Our Brain Is Full Of Multidimensional Structures Operating In 11 Dimensions
Neuroscientists have made use of a classic branch of math’s in a brand new way so that they can see into the structure of the brains of humans.
What they found is the brain is packed with multi-dimensional geometrical structures that operate in up to 11 dimensions.
People generally think about the world in a 3D perspective and so this does sound tricky.
However, the results of the study may be the next big step in being able to understand the human brain, which is the most complex of structures that is known.
The researchers produced the latest brain model from the Blue Brain Project; a Swiss research initiative was devoted to making a reconstruction of the brain of a human using a supercomputer.
The team made use of algebraic topology, which is a type of mathematics that describes properties of objects along with spaces regardless of the change in shape.
They found out that neurons in groups connect into groups and the number of neurons in the group leads to the size of a geometric object that is high-dimensional.
RESEARCHERS DISCOVERED A WORLD THEY NEVER IMAGINED IN HUMAN BRAINS
The lead researcher Henry Markram at the EPFL institute in Switzerland said that they had discovered a world that they never imagined.
He went on to say that there were tens of millions objects in only a small speck of the human brain, up through as many as 7 dimensions.
In some of the networks, they even found 11 dimensions.
The human brain is said to have around 86 billion neurons and there are multiple connections from each of the webbing of the cells, which go in every direction possible and then form what becomes a huge cellular network that makes people capable of consciousness and thought.
As there is such a big number of connections for the researchers to work with it is not surprising that the researchers do not have a good understanding of how the neural network of the brain operates.
However, the new framework based on mathematics, which the team built, takes a step even closer to the scientists one day having a digital brain model.
NEOCORTEX IS THE MOST EVOLVED PART OF HUMAN BRAIN
To be able to perform the mathematical tests, the researchers made use of a detailed model of the neocortex, which the Blue Brain Project team went ahead and published in 2015.
The neocortex is said to be one of the most evolved parts of the human brain and it is one that is involved in the higher-order functions such as sensory perception and cognition perception.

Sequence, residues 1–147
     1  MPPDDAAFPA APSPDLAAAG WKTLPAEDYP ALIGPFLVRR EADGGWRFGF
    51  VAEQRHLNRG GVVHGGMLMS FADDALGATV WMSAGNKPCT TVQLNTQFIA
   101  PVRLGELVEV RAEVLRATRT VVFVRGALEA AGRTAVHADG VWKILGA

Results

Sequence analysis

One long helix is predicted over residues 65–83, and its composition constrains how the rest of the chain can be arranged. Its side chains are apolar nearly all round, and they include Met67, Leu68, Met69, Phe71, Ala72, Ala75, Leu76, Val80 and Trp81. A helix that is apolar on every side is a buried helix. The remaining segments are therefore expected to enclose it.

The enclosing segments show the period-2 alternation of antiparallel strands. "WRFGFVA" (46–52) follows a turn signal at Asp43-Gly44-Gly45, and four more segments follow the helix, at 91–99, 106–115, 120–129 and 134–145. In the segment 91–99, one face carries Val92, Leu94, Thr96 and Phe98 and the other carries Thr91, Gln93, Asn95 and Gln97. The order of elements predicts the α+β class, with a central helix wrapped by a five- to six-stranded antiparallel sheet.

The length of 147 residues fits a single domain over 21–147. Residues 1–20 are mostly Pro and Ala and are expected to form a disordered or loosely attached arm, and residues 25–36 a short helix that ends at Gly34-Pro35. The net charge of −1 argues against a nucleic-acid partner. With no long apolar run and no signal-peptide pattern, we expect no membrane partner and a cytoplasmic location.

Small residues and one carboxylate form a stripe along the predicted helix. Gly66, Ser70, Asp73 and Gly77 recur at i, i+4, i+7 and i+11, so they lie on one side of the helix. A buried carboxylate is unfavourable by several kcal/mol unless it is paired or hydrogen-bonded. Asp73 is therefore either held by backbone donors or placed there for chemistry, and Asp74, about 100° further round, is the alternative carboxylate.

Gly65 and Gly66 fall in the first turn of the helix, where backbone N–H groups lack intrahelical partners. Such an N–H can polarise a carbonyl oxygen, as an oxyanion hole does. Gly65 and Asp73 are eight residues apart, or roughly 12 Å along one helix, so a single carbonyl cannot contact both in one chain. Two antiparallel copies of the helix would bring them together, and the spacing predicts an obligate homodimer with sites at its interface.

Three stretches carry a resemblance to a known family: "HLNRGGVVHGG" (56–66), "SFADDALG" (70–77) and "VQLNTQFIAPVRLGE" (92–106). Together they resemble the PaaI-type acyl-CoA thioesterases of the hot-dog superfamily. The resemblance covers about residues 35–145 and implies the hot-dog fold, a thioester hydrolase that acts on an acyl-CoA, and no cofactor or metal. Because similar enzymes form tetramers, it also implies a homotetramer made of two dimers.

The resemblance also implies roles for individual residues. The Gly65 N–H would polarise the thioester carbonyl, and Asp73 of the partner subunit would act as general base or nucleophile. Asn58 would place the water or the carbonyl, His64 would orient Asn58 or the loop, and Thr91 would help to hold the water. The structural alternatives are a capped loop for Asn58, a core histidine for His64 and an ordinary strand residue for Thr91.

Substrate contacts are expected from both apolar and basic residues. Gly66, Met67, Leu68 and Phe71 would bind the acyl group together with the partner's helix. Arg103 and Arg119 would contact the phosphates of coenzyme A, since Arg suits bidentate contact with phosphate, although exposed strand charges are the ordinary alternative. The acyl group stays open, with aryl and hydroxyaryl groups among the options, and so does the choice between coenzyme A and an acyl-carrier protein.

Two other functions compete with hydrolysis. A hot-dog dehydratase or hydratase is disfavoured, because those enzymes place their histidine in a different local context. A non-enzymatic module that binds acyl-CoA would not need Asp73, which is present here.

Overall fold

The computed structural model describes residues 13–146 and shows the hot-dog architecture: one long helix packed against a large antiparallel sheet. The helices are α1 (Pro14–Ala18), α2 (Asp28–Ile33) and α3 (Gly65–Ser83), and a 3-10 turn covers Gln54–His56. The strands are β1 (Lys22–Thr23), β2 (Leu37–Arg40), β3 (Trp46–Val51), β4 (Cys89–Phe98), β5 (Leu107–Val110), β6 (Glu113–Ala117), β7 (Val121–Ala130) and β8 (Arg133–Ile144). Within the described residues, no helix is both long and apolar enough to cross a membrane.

Following the development of the mathematical framework along with the testing of it using virtual stimuli, the researchers were able to confirm the results of testing on the brain tissue of rats.
The researchers said that the algebraic topology is able to provide mathematical tools for finding details about the neural network in the close-up view in individual neurons and at a much bigger scale of the brain as a whole.
When the two levels are connected it led to the researchers finding high-dimensional structures that were geometric in the brain, which had been formed by a collection of neurons that were tightly connected, along with having empty spaces between them.
The teams said in the study that they found a large number, along with a variety of high-dimensional directed groups and cavities, which had not been seen in the networks before, either artificially or biologically.
Katheryn Hess, a mathematician from EPFL, said that algebraic topology is similar to a microscope and telescope at the same time as it can zoom into the networks and find out structures that are hidden.
She said that they were able to see the trees in the forest, the clearings and spaces that were empty, all at the same time.
The clearings and cavities are said to be critically important for the function of the brain.
The researchers stimulated virtual brain tissue and saw that the neurons reacted to it in a very organized manner.
The findings of the researchers have shown a new picture of how the brain can process information and it is tantalizing.
However, researchers have said that at the moment it is not clear just what makes the groups and cavities form in the specific ways that they do.
Researchers have said that more work is needed if they are to determine just how complex the multi-dimensional geometric shapes are formed by the neurons and how they correlate with the complexity of the various cognitive tasks.
The study was published in Frontiers of Computational Neuroscience.